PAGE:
Grunion? you say? What are grunions? Well, California grunion (Leuresthes tenuis) are small silvery fish about 5 to 6 inches long found only along the coast of southern California and northern Baja California. Most of us would be unaware of their existence were it not for the unique spawning behavior of these fish. Unlike other fish, grunion come out of the water completely to lay their eggs in the wet sand of the beach. And that, my friends, makes us privy to the California grunion run, or more sprecifically, the grunion's sex life.
Along San Diego's sandy beaches, from March through September, one of the most remarkable life cycles in the sea is completed when the California grunion comes ashore to spawn.
According to the California Department of Fish and Game, as if this behavior were not strange enough, grunion make these excursions only on particular nights, and with such regularity that the time of their arrival on the beach can be predicted a year in advance. This phenomenon can be seen on many beaches in southern California. Shortly after high tide, on certain nights, sections of these beaches sometimes are covered with thousands of grunion depositing their eggs in the sand. Hence, the popularity of both grunion watching and grunion hunting.
Yep, you read it right: grunion hunting. Because, even though they are fish, you don't exactly catch them with a pole and line. Nope. Since the grunion basically wash up to your feet, you have to chase them down and grab them barehanded if you want to catch them. That's what makes grunion hunting so uniquely SoCal!
Since these fish leave the water to deposit their eggs, they may be picked up while they are briefly stranded. Often there are more people than fish, but at other times everyone catches fish. So, no expensive fishing gear is needed (just your bare hands and a bucket or sack to hold your prizes. Oh yeah, and a valid State fishing license and a willingness to get a little wet.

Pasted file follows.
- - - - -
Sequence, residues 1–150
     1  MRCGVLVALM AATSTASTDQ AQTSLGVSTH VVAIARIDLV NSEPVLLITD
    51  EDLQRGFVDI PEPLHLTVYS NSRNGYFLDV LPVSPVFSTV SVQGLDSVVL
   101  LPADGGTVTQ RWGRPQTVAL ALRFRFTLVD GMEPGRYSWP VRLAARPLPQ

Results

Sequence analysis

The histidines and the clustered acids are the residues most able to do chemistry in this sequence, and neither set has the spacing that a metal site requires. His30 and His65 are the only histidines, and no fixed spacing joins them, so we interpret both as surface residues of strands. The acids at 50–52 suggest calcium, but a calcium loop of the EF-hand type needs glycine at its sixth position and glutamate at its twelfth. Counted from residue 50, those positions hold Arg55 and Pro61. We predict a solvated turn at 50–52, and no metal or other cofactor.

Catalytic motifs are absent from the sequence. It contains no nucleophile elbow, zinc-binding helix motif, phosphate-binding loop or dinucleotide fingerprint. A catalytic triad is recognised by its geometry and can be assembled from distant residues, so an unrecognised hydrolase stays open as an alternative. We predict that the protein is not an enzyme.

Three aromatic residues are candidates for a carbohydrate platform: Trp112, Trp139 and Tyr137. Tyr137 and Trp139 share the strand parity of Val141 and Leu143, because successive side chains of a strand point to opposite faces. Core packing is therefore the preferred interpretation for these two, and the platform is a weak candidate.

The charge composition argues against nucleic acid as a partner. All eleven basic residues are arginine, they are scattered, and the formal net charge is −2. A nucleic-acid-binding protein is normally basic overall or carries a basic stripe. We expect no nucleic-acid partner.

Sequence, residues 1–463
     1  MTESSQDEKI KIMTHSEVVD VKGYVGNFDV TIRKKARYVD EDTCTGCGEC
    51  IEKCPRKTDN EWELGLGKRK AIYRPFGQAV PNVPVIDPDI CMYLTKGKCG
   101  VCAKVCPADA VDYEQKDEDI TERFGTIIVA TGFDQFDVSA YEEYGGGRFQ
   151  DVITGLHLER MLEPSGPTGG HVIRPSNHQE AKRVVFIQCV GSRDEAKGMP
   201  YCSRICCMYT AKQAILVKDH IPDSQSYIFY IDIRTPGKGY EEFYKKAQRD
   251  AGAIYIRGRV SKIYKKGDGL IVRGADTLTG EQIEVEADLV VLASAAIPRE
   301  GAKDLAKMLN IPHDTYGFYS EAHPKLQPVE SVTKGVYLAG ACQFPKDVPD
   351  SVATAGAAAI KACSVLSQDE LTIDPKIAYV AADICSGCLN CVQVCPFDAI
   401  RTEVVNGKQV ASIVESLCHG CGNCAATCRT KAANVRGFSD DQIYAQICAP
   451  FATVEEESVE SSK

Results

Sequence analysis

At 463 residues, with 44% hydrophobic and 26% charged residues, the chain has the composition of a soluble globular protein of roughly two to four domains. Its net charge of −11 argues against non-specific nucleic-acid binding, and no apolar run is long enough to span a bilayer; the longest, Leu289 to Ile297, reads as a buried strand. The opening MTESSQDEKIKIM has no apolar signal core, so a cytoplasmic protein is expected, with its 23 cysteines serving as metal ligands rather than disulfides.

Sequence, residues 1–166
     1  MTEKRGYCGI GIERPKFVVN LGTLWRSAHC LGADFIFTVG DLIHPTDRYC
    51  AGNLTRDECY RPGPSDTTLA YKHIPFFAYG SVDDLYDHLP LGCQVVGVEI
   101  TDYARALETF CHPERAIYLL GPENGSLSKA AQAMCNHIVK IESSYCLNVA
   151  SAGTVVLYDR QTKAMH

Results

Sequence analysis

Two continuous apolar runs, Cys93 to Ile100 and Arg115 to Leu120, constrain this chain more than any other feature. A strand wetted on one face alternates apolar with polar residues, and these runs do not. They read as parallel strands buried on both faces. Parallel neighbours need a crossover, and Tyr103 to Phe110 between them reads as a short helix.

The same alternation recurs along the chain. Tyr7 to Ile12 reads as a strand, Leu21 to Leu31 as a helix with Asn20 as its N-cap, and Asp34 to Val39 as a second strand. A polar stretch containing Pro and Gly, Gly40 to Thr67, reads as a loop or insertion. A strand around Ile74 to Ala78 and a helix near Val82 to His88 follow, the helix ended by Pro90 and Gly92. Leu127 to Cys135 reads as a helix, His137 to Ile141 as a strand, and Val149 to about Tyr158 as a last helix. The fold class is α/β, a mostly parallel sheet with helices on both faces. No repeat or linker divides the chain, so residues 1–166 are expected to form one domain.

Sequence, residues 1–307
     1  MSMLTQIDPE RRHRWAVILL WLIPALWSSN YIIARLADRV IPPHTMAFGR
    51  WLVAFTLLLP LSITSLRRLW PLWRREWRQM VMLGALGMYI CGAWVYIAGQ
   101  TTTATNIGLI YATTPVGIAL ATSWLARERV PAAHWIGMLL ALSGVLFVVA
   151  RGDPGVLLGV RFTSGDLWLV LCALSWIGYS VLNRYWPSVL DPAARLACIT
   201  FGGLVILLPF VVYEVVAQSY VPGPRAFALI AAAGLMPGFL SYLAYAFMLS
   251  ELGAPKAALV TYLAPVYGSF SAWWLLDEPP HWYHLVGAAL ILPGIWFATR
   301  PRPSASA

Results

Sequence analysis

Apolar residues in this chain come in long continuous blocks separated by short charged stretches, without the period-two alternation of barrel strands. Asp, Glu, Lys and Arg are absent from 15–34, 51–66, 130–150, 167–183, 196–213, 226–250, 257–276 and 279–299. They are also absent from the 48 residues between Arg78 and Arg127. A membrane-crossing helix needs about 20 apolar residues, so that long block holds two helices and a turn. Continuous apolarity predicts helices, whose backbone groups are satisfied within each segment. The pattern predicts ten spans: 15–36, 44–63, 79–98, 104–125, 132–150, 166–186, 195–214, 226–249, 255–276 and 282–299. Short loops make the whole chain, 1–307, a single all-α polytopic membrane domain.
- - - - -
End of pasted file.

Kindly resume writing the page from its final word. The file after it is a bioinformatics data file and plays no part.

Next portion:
Quick Grunion Hunting Facts(courtesy of the Ca. Dept. of Fish and Game)
Grunion Description:Grunion are small slender fish with bluish green backs, silvery sides and bellies. Their average length is between 5 and 6 inches. Early Spanish settlers called this fish grunion, which means grunter. This term has been anglicized into grunion. Grunion are known to make a faint squeaking noise while spawning. The scientific name for the California grunion is Leuresthes tenuis, and this fish belongs to the family Atherinidae, commonly known as silversides.
Grunion Hunting Regulations: A valid State fishing license is all that is required for taking grunion. The season is closed during April and May. However, this is an excellent time for observing runs. Grunion must be taken by hand only, no appliances of any kind may be used, and no holes may be dug in the beach. There is no limit to the number that may be taken, but grunion should not be wasted.
Best Grunion Hunting Locations: The ends of beaches are often the best spots. Some of the beaches in San Diego that are known to have runs are: Del Mar, La Jolla, Mission Beach and the Coronado Strand.
Hints For A Successful Run: Although not always possible, the fewer people the better. Fires and lanterns should be used sparingly. Light may scare the fish and they will not come out of the water. After a wave has receded, flashlights may be used to help locate fish. A small gunny sack makes a good grunion creel. Finally, plan to stay late - many grunioners quit an hour after high tide and miss a good run.
Cooking Grunion: Grunion should be cleaned and scaled. For best results they should be rolled in a mixture of flour and yellow corn meal to which a little salt has been added and deep fried until golden brown. Although bony, they have a very delicate flavor and provide excellent table fare when prepared fresh.